Strings, Binary Data - Regular Expressions

Hi I'm new to Python, I tried to pick a project that would help me learn the language so I decided on a script that would allow me to search google.

For the most part i've got the basics, however, I'm having some confusion with strings, my strings are prefixed with b, what does that mean b'string'. I had to do that to my regular expression to get it to work properly. But what does it mean exactly, is it really necessary?


import http.client
import re


class GoogleQuery:
    def query(self,q):
        conn = http.client.HTTPConnection("www.google.com")
        conn.request("GET", "/search?q=" + q)
        r1 = conn.getresponse()
        self.status = r1.status
        self.reason = r1.reason
        if self.status == 200:
            self.data = r1.read()
            return True
        else:
            return False
        
    def parse(self):
        reobj = re.compile(b'<a href="([^"]*)" class=l>(.*?)</a>')
        result = reobj.findall(self.data)
        for res in result:
            print(res)
            
c = GoogleQuery()
if c.query("blah"):
    c.parse()
else:
    print("Unable to query google, got error: ",c.status," -- ", c.reason)

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LVL 19
BrianGEFF719Asked:
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peprConnect With a Mentor Commented:
The b prefix for literals is new in Python 3.x.  The Python 3 makes a difference between strings (always unicode) and sequence of bytes.  The later is related to the type 'bytes' (see http://docs.python.org/3.1/library/functions.html#bytes and  http://docs.python.org/3.1/reference/lexical_analysis.html#string-and-bytes-literals for details).

For regular expression patterns, you want to use the r'raw strings'  (with r in frong of the opening quote).  For example,

reobj = re.compile(r'<a href="([^"]*)" class=l>(.*?)</a>')

The raw string literals are parsed by Python so, that backslashes and the characters after are not interpreted as special sequences.  Otherwise, you can use normal string literals; however, you would be forced to double backslashes (and you probably do not want to do that).
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BrianGEFF719Author Commented:
Also, I'm familiar with PHP and we call a list such as {'Item' => 'Value', 'Item2' => 'Value2'} an associative array, would this be the same thing as a Dictionary in Python, and how would I instead of an index array for url, desc like I have now, make it a "Dictionary"
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peprCommented:
... and yes. The associative array (or hash table in other languages) is the Python dictionary.

To correct my above statement.  If you get some data as bytes, you cannot apply a regular expression compiled for a string pattern. You have to use also the pattern of the bytes type.  I have no deep experience with Python 3 and regular expression with bytes; however, you can probably use br'raw bytes' -- i.e. br prefix for the patterns.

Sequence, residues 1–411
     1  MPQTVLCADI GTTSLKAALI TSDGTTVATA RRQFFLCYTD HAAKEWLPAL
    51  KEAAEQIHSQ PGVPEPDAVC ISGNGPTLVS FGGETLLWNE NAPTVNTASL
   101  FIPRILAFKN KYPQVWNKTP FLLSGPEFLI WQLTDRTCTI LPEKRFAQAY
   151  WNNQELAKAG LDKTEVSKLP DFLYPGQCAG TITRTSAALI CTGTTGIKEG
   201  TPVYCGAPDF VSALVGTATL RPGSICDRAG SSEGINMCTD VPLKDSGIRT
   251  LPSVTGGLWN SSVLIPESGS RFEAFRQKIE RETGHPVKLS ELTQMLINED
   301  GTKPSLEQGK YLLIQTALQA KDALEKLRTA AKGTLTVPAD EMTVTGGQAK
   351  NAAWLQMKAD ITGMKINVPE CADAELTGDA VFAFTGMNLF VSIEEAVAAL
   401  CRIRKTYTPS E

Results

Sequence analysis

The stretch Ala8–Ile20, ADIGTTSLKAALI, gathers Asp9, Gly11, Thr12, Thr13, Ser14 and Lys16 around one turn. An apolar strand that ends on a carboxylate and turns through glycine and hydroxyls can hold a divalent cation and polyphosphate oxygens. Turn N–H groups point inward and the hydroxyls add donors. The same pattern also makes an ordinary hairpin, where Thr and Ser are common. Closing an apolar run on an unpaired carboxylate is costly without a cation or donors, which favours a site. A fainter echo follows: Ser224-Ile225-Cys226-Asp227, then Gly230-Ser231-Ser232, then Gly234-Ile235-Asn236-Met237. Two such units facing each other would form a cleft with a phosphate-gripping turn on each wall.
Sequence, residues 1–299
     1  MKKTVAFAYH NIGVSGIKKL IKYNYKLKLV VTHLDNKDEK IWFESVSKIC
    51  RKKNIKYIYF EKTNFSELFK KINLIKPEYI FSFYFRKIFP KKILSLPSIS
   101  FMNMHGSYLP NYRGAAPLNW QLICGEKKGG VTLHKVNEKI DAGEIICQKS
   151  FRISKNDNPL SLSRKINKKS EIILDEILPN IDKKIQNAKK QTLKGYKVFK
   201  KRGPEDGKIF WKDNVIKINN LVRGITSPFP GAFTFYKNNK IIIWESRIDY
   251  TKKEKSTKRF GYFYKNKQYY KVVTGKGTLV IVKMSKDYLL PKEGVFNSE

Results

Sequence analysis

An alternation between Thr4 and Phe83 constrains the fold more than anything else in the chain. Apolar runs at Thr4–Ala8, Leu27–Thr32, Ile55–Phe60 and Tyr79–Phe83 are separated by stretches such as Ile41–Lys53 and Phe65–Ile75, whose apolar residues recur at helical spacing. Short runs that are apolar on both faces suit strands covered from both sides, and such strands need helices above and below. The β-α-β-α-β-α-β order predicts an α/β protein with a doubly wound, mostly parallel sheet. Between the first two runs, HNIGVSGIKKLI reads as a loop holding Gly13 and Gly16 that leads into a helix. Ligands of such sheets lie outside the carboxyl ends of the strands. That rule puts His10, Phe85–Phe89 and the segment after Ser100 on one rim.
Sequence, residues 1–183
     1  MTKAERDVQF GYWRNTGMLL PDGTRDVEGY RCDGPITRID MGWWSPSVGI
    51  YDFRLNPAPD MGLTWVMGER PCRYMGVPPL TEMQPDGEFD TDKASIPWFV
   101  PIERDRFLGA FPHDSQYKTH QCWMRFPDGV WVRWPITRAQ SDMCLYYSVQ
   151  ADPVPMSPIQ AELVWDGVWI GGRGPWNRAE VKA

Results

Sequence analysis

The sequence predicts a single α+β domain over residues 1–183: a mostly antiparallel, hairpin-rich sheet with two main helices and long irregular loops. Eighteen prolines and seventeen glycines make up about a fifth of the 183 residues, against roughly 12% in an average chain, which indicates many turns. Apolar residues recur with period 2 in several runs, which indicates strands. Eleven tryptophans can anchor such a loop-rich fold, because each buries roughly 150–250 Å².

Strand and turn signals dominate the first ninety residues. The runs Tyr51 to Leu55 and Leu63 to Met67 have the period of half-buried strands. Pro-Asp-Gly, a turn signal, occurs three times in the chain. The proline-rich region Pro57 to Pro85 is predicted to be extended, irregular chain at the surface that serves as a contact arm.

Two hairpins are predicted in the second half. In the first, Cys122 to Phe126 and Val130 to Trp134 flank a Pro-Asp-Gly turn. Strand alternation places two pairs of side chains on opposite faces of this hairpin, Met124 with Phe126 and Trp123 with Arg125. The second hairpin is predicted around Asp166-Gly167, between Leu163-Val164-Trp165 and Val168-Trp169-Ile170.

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peprCommented:
For the last part of your question... Because your regular expression defines two groups, the findall() returns results with tuples of size 2.  The first part is the URL, the second part is the displayed text.  Try the following snippet...
import http.client
import re


class GoogleQuery:
    def query(self,q):
        conn = http.client.HTTPConnection("www.google.com")
        conn.request("GET", "/search?q=" + q)
        r1 = conn.getresponse()
        self.status = r1.status
        self.reason = r1.reason
        if self.status == 200:
            self.data = r1.read()
            return True
        else:
            return False
        
    def parse(self):
        reobj = re.compile(br'<a href="([^"]*)" class=l>(.*?)</a>')
        result = reobj.findall(self.data)
        d = {}   # empty dictionary
        for res in result:
            d[res[0]] = res[1]  # insert the value for the key
        return d
            
c = GoogleQuery()
if c.query("blah"):
    d = c.parse()
    for k in d:
        print(k, ' --> ', d[k])
else:
    print("Unable to query google, got error: ",c.status," -- ", c.reason)

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BrianGEFF719Author Commented:
Excellent answer, thank you.
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BrianGEFF719Author Commented:
Oh one last thing, is there anyway to covert the bytes to a string, and resolve that whole issue?
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peprCommented:
There is a built in functions str() in Python, that is used for conversion of an object to the string.  As string in Python 3 must be unambiguous (concerning the interpretation), you must supply also the encoding when converting an object of the bytes type (see http://docs.python.org/3.1/library/functions.html#str).  This means that you must know the encoding of the downloaded data.

For your GoogleQuery class (and the like), you may want to implement the special method named __str__ (see http://docs.python.org/3.1/reference/datamodel.html#basic-customization and http://docs.python.org/3.1/reference/datamodel.html#object.__str__). This method of the object is called by the built-in function str() when the object is passed as its argument. It is also used when you print() the object.
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